On June 10 the U.S. Senate approved its version of the Federal Agriculture Reform and Risk Management Act of 2013, also known as the Farm Bill. The bill would fund food stamps, direct payments to farmers, crop insurance, disaster assistance, and various other subsidies. The Congressional Budget Office estimates it will cost $973 billion over the next 10 years.
The largest and most expensive component of the Farm Bill is the Supplemental Nutrition Assistance Program (SNAP), commonly referred to as food stamps. According to Congressional Research Service reports, 80 percent of the Farm Bill money, or $764 billion, will go to SNAP over the next decade. Hunger prevention and farm policy are separate issues, however, and each deserves thoughtful consideration from legislators. Combining them into one enormous 575-page bill decreases chances for meaningful reform.
Another key component of the Farm Bill is the Direct Payments Program. This program gives payments to producers based on past production; farmers collect the payments even when prices are high or their land is uncultivated, provided their average annual farm income does not exceed $750,000. In some cases, however, high-income commercial farms gathered millions of dollars in subsidies without planting a single seed.
Taxpayers also pay 38 percent to 80 percent of crop insurance premiums for more than 100 commodities, and they subsidize insurers for managing the coverage. This allows farmers to take larger risks with their planting and cultivation of crops because they don’t bear the full cost of that risk. In 2011, taxpayers paid 62 percent of the premiums for the crop insurance program, up from 37 percent in 2000. Simply reducing the 62 percent premium subsidy by 10 percentage points to 52 percent in 2011 would have saved $1.2 billion.
Crop insurance also encourages farmers to purchase extra insurance, with the additional cost borne by taxpayers. According to the Congressional Budget Office, crop insurance subsidies are expected to cost taxpayers an average of $8.9 billion a year in 2013–2022. A Government Accountability Office analysis found that if a $40,000 cap on premium subsidies received by farmers had been implemented in 2011, it would have saved taxpayers an estimated $1 billion in that year alone. This type of cap would have affected only 3.9 percent of contributing farmers. Lowering the cap further would achieve even more savings.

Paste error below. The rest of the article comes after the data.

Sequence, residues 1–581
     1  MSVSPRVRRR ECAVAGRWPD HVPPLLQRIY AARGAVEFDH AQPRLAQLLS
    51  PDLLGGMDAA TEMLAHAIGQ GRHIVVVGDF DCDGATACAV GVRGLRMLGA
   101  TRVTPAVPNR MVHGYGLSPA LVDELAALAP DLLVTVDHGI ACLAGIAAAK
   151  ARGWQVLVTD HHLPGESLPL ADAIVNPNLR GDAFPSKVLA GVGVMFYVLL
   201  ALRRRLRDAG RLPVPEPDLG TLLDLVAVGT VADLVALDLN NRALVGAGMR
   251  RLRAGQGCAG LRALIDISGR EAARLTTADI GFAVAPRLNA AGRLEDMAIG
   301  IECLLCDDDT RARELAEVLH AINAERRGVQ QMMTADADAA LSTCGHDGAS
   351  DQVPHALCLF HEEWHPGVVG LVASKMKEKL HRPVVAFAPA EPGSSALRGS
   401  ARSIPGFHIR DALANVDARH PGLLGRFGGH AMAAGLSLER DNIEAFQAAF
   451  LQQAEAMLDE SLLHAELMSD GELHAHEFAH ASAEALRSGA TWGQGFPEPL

Finally, the Disaster Assistance Program invites Congress to declare “emergencies” and release additional funds. This program subsidizes farmers who forgo crop insurance. Current estimates predict the program could grow to cost about $9 billion a year in the coming decade.
Lawmakers should consider the needs of farmers and taxpayers. The most expensive and indefensible subsidies should be eliminated, and lawmakers should take a market-based approach to these programs.
The following documents provide additional information about various provisions of the Farm Bill.
Farm Bill “Reform” Is in the Eye of the Beholder
Sallie James of the Cato Institute explains how the recently proposed Farm Bill is a step backward from some of the reforms to farm programs made in the 1996 and 2002 farm bills.
A Farm Bill Primer: 10 Things You Should Know About the Farm Bill
Daren Bakst and Diane Katz of The Heritage Foundation identify 10 important elements of the Farm Bill, including the many subsidies that should be capped or eliminated altogether.
NTU Urges All Senators to Vote “YES” on the Following Amendments Regarding Crop Insurance Reform
Nan Swift, federal government affairs manager at National Taxpayers Union, writes to encourage senators to vote yes on Farm Bill amendments that would prevent the waste of taxpayer dollars on special-interest carve-outs.
Farm Bill Reboot: Crop Insurance Has Got to Go
The Chicago Tribune editorializes against farm subsidies as creating perverse incentives and unnecessary costs to taxpayers, as well as being bad for the nation’s food production. It calls for an end to this agricultural welfare.
Budget Issues Shaping a Farm Bill in 2013
Agricultural policy specialist Jim Monke discusses difficult choices Congress faces regarding how much support to provide for agriculture and how to allocate it among competing constituencies.
The 2013 Farm Bill: Reducing the Economic and Environmental Costs
Chris Edwards, Scott Faber, Andrew Moylan, and Josh Sewell discuss the impact of the farm programs on taxpayers and the environment and suggest possible reform steps.
20 Completely Unjustified Programs in the House Farm Bill
Diane Katz and Daren Bakst of The Heritage Foundation identify 20 unjustified programs in the 575 pages of the Farm Bill.
Nothing in this Research & Commentary is intended to influence the passage of legislation, and it does not necessarily represent the views of The Heartland Institute. For further information on this subject, visit The Heartland Institute’s website at http://heartland.org, and PolicyBot, Heartland’s free online research database at www.policybot.org.
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